03 September 2006

On a different subject...

As a birthday gift to myself, I signed up for a six-week tai chi class. It starts in early October, once a week for six weeks. Since my birthday is near the end of the month, this was a very early gift, something to anticipate.

It’s something I’ve been musing on for a while now.

This particular birthday is a milestone for me. And there’ve been times over the last year when it has felt more like a millstone. You see, Wren-friends, I’ll be turning 50.

Of course, I don’t feel that old. I feel like me, like I’ve always felt. My mind is roughly 18. It’s the rest of me that ... well.

For you 30ish types out there, this is fair warning: It’s coming. That 50th birthday seems like it’s a long, long way off, but believe me, it’s tomorrow. My own experience was that after I turned 30, time actually collapsed.

After 30, the whole shebang sped up, and each year seemed to go faster and faster. I understand now why old-timers say “I remember it like it was yesterday...” when referring to a moment that took place 20 or 30 years before – it’s because, in their perception, it was yesterday.

Wasn’t it?

Now, I have friends who tell me, “Don’t worry about 50, dear. My 50s were the best years of my life.”

I believe them. And I’m slowly bringing myself around to seeing this half-century milestone not as a millstone but as a new beginning.

Yeah, it sounds trite. But I’m a great believer in the power of the mind. I believe that how we think really does shape our lives in a myriad of tiny ways. While it’s in remission now, mostly, for a period of about 10 years I battled rheumatoid arthritis nearly every day. There were times when it damn near crippled me. But I still had to go to work, still had to cart laundry up and down four flights of stairs each week, still had to take the dog out for walks every morning and every night, still had to cook meals and raise a child. During that time I learned the value of mind over matter. I learned the art of distraction. I told myself I’d get through this workday, this dog-walk, this next load of laundry.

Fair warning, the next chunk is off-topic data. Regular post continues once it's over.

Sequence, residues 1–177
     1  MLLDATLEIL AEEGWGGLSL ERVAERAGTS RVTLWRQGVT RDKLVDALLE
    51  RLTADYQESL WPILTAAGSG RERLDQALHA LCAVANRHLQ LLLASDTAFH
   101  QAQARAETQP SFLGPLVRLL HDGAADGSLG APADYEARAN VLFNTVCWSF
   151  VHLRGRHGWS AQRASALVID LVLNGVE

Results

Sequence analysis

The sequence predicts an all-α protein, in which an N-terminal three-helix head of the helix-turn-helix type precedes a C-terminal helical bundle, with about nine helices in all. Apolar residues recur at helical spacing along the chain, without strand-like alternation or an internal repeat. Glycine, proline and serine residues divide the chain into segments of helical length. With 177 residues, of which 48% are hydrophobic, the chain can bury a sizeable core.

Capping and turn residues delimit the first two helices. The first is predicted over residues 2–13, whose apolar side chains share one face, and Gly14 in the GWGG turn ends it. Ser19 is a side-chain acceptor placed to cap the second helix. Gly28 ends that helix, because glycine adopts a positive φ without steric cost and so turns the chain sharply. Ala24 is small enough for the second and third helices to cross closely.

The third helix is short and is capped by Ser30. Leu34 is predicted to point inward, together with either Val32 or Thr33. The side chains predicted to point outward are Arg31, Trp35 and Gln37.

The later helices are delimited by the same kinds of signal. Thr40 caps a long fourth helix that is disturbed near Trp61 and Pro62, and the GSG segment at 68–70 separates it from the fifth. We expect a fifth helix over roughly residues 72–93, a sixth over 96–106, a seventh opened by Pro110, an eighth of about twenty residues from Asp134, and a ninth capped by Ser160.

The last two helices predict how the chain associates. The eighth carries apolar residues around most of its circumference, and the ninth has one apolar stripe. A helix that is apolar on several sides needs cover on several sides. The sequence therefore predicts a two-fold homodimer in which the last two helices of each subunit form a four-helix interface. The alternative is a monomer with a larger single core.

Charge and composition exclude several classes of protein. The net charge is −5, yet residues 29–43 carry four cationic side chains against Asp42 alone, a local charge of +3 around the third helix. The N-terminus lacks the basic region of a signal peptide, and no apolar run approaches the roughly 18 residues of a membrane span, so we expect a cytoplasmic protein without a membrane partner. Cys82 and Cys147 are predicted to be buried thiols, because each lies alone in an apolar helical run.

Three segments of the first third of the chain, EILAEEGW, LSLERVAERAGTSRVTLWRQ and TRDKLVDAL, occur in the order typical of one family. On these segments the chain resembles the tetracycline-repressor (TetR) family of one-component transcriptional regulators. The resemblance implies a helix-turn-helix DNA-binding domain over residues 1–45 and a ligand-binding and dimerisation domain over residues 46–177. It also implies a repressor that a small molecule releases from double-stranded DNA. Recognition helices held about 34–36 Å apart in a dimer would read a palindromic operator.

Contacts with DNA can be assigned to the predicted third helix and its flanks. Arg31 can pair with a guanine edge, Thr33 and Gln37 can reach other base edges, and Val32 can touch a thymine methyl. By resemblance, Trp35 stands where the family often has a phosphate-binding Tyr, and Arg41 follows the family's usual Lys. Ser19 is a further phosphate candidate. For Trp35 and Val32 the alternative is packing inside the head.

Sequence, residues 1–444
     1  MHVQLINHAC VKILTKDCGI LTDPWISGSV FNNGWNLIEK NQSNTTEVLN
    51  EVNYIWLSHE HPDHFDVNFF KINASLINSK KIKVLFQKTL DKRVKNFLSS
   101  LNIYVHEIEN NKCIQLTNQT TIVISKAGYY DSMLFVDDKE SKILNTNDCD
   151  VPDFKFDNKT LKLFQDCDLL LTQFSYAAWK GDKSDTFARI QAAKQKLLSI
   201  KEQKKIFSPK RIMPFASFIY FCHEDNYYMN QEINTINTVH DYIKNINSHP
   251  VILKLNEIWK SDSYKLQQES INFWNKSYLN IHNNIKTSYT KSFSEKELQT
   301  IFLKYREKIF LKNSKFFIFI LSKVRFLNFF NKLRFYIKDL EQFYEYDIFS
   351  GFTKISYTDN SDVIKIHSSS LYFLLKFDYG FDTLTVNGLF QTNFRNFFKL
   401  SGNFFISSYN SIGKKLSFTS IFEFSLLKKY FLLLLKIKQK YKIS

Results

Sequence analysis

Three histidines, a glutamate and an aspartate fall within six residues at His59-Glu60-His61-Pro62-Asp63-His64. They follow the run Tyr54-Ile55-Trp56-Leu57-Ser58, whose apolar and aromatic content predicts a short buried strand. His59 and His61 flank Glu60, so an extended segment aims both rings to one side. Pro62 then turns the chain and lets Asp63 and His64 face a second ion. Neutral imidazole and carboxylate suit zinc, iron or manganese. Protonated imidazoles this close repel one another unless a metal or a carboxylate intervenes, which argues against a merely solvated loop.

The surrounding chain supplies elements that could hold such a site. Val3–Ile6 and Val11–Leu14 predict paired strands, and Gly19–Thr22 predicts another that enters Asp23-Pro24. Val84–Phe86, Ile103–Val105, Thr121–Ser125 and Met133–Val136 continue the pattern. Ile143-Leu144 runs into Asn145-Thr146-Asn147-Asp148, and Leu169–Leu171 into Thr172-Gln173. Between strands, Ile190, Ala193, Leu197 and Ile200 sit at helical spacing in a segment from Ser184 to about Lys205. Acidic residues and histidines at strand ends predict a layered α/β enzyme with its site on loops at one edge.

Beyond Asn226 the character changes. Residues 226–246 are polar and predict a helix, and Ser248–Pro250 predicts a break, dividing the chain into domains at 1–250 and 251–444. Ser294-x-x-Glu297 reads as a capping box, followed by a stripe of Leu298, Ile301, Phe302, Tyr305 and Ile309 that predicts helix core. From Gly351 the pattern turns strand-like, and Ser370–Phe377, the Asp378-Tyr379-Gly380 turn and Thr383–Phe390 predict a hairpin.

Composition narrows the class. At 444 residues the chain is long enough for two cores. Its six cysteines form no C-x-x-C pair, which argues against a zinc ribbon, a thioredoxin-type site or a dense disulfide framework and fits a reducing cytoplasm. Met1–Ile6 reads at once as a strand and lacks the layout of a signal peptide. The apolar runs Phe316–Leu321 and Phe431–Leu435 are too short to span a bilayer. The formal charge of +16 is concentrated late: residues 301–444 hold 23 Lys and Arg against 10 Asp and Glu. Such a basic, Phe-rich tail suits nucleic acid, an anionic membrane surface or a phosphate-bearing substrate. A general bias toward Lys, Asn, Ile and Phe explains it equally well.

And I did.

I’m not starting this new half of my life expecting to look like a starlet. I had my starlet-like time, and it went by so fast that I hardly noticed. Now I’m delighted just not to be gimping around each day, smelling of Tiger Balm. I’m glad to be healthy and glad to have an inquisitive mind and a wild imagination.

I’m a work in progress, for sure, but aging is something that I believe can be approached gracefully and with dignity, and I’m gonna do it.

Hence, the tai chi. If there are any readers out there about my age who have tried it, or are practicing it now, I’d love to hear from you. I’m studying up. I’m looking forward to these classes.

And maybe, for my 51st birthday, I’ll take up snowshoeing.


Mike Kretzler said...

I'm early into my sixth decade now and you're right, time speeds up. I started noticing when I had kids in my middle twenties.

Tai chi is wonderful. I still vividly remember the first classes I took, over twenty years ago. I was working in a green lumber planer mill, pulling on the green chain on the swing shift. I'm not sure why I took the class out at TESC, but it was a revelation. It was as rich a learning experience as I've ever had.